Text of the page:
Then come the mid-size players—the employers using agreements like SPT and LOAs. It can often feel like there's no rhyme or reason as to why one producer uses one contract, while another uses another. And to be frank, there hasn't been much. Historically, Equity has determined which agreement an independent theater will use based on factors like the number of seats in its auditorium, the number of performances given per week, or the volume of tickets sold at the door. Unfortunately, these metrics have very little to do with a not-for-profit employer's actual ability to employ and pay our members. This is how we end up with $7 million theaters operating as SPTs, when it feels like they should have "moved up" long ago.
Thankfully, work is already underway to help mend this situation. First of all, the Council has instituted a new, broad policy called "Judge It By The Budget", which requires that when we negotiate with not-for-profit employers, we have to take their entire financial picture into account when determining their rates and their ratios. Armed with this new directive, a handful of Equity Councilors and staffers—including myself and the incomparable Erin Maureen Koster—have begun work on a better model for independent theaters. A better contractual model will not only allow us to achieve better, fairer outcomes for our members in negotiations with individual employers, it will also empower our Business Reps to negotiate specifically to the needs of local members and local theaters alike. Especially as we work together to emerge from our current crisis, a negotiating model that allows for more specifically-tailored, locally-relevant outcomes will serve to ensure that that the industry remains viable, while also ensuring that our members' needs are addressed. Most importantly, though, we will eliminate the ability for a successful and thriving employer to become "stuck" on an inflexible contract with no room for growth.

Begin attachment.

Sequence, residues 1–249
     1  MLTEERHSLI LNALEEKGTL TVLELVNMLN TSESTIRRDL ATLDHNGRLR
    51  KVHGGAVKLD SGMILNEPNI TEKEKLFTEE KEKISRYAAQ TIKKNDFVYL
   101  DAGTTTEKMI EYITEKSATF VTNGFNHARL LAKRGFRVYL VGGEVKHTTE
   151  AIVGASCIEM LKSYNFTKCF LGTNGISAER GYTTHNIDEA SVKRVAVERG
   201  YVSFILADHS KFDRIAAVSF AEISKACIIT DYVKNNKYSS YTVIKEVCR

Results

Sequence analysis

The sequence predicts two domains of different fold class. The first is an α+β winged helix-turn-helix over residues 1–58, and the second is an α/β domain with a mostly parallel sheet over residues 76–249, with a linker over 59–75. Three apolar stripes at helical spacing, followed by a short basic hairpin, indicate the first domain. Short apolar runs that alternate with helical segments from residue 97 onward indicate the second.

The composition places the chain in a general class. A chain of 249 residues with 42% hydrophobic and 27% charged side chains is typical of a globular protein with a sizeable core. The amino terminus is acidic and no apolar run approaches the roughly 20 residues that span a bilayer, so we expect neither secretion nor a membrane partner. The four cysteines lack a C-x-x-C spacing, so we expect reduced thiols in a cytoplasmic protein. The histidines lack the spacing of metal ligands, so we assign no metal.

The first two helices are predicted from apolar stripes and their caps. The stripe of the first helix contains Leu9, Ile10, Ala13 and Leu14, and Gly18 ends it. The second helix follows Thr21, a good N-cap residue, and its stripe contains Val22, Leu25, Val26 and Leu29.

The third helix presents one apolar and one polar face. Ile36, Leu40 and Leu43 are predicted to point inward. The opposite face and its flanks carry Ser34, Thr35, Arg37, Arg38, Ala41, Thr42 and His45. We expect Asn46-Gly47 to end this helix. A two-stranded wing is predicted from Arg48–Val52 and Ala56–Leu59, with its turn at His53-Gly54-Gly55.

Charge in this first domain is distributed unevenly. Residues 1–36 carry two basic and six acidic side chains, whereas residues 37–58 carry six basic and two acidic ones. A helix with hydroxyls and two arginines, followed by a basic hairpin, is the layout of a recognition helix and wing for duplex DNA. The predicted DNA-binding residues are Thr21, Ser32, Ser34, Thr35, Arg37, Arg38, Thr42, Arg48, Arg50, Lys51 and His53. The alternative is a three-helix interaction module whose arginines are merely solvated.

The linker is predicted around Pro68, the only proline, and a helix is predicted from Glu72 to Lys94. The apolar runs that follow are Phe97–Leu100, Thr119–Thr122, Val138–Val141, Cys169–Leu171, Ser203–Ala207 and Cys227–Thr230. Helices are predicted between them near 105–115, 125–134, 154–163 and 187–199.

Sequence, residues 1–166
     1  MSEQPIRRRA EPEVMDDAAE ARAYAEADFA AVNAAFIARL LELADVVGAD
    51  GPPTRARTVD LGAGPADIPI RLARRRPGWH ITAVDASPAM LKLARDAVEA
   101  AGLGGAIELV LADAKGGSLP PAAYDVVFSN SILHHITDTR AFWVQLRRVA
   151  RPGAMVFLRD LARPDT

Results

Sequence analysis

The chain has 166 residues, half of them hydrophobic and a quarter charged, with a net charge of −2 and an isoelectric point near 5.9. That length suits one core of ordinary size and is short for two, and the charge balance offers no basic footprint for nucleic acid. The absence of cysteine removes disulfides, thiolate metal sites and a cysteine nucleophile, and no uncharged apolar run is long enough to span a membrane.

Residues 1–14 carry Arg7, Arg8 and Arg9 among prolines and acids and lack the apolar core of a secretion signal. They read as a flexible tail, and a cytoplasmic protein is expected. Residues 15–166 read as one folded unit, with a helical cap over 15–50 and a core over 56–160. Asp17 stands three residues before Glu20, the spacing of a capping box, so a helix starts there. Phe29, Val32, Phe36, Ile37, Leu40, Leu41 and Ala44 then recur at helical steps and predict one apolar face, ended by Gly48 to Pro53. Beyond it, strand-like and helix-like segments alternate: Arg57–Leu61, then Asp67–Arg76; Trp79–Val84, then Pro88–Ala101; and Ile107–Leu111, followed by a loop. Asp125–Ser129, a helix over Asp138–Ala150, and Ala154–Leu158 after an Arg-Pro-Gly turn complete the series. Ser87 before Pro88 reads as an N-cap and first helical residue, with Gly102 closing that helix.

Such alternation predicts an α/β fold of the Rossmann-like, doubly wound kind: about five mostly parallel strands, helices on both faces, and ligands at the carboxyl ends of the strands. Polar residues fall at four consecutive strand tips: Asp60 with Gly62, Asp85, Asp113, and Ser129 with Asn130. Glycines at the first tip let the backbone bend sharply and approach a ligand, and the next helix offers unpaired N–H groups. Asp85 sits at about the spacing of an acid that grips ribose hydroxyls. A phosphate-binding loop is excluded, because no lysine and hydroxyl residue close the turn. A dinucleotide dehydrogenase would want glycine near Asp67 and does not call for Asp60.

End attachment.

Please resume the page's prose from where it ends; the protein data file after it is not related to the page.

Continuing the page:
Finally, there are the tiny pre-paid contract users, and the non-Equity scene. To put it bluntly, we need to be better at organizing. Not every theater is going to be an Equity theater, but there are too many non-Eq houses that could absolutely afford to employ our members. And again, this new contractual model is going to be a major part of the solution. So often it is a perception of inflexibility in Equity's contracts—a perception that has been somewhat accurate—that scares potential employers away from partnering with us. I have great confidence that once smaller producers see our willingness to negotiate in new, flexible ways, they will recognize that entering into a full, fair Equity agreement is actually one of the best ways to ensure long-term viability, health, and growth.
These are my hopes for our members and the industry in Greater Washington, D.C./Baltimore. I look forward to continuing my work, and implementing these new ideas in my next term as your Eastern Regional Vice President.